Almost Paradise

The first clue that Almost Paradise would qualify for a good Southern yarn came when I saw the author’s name, Corabel Shofner, on the Net Galley offering for an advance reading copy. She did, indeed, grow up in the Mississippi Delta with a long line of Southern ancestors. The second clue came in Corabel’s workshop at the Faye B. Kaigler Children’s Book Festival when she recounted growing up among eccentric relatives. By this time, I had her book downloaded on my Kindle ready to read when it came up in the queue.

It’s a good thing I didn’t know just how entertaining it would be or my queue would have been completely messed up. There are problems aplenty for protagonist Ruby Clyde (also a Southern name) – a father who died before she was born, a mean grandmother, an estranged aunt. And these are before her mother’s boyfriend takes her and her mother on a trip where they steal/rescue a pig from a show and the boyfriend commits armed robbery. When her mother is falsely accused of abetting the crime and is put in jail, Ruby Clyde must rely on others to help her find the estranged aunt who turns out to have secrets of her own.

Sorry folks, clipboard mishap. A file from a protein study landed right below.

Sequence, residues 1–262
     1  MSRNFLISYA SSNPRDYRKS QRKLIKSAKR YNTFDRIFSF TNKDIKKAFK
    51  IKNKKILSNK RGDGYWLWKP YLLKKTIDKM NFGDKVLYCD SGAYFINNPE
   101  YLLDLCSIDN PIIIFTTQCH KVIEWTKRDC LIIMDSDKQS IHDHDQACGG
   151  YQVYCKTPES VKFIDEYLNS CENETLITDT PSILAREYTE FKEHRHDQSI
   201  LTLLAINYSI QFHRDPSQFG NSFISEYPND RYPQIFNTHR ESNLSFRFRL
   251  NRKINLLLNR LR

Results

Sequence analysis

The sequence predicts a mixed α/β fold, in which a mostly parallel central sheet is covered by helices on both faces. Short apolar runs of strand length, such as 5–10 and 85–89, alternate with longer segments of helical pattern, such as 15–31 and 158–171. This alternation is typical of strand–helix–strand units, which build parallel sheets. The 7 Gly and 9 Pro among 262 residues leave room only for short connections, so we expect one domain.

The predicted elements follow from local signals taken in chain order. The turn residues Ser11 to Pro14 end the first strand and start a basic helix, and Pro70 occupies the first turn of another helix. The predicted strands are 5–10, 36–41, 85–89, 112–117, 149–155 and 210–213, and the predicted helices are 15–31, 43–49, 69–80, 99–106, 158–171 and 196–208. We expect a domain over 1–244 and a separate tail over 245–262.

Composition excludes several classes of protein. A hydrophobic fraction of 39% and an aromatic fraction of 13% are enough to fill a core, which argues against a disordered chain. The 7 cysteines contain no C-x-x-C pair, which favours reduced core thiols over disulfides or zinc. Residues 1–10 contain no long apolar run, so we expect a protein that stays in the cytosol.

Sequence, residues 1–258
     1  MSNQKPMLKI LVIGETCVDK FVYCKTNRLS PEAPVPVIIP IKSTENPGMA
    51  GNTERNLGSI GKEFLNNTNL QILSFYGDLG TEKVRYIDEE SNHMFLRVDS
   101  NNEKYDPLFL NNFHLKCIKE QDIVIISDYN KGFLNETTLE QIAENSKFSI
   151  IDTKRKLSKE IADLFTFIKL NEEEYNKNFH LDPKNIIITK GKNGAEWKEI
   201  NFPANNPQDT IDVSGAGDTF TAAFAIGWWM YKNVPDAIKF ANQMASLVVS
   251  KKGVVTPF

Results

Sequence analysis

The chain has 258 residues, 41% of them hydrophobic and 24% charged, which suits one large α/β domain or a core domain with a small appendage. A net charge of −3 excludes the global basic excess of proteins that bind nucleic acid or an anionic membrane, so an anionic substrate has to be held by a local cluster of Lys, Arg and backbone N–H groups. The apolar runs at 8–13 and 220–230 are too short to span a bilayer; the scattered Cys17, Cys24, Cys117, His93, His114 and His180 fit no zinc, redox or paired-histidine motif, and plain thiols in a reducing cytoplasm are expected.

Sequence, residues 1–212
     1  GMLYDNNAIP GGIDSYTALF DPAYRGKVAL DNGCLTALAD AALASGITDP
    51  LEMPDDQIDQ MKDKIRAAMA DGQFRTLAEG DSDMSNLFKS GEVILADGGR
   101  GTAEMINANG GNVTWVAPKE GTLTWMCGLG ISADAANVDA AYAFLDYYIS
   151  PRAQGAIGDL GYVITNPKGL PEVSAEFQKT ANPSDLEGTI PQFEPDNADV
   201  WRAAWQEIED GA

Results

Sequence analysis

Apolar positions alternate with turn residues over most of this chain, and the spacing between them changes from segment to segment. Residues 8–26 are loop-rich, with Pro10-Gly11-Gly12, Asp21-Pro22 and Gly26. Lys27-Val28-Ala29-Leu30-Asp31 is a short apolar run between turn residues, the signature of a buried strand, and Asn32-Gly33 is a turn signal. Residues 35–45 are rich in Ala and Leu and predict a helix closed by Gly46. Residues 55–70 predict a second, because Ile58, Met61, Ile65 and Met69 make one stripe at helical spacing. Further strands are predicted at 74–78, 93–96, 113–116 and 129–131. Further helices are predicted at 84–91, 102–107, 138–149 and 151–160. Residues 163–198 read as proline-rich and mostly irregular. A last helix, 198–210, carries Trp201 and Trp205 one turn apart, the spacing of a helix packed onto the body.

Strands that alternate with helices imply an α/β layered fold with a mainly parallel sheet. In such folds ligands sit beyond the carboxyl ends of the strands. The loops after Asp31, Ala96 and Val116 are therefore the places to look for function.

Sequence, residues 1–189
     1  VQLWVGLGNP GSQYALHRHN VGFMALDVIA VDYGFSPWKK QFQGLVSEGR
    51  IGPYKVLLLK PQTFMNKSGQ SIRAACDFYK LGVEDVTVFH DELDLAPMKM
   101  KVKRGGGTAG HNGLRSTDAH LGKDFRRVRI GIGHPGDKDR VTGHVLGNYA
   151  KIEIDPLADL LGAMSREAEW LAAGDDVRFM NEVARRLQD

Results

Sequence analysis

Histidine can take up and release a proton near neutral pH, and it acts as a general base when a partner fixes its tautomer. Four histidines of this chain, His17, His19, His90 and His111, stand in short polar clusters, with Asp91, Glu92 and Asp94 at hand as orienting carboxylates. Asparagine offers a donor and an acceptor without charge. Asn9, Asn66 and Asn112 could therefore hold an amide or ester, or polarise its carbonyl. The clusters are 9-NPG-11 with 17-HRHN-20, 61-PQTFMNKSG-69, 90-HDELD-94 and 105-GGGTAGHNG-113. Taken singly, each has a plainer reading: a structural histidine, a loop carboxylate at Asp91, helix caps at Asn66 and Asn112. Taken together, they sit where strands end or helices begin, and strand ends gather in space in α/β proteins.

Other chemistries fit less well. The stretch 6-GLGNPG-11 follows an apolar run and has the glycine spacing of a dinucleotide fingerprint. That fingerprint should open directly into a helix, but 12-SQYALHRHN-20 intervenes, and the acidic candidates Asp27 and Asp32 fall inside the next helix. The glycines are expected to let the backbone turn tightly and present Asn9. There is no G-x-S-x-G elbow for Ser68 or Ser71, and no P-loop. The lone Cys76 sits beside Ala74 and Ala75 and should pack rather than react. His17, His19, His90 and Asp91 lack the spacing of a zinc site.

Spunk and humor lace into Ruby Clyde’s search for home and vindication for her mother. Those who do her harm are balanced by others who genuinely care for her. Even as the author brings rescuers into Ruby Clyde’s life, she pokes fun at the icons of Southern culture. “Mr. Gaylord Lewis had gone to court and told the judge he would watch after my mother until trial. And since Mr. Lewis was so big and important with football and money and God, the judge couldn’t say no.”

I’ll miss Ruby Clyde now that I’ve closed the last page of the book. It’s available for purchase on July 25.

I would suggest pairing this book written by a descendant of Delta landowners with Midnight Without a Moon, written by a descendant of sharecroppers, that I reviewed on June 16. The authors met in a coincidence as their books came out and have become friends.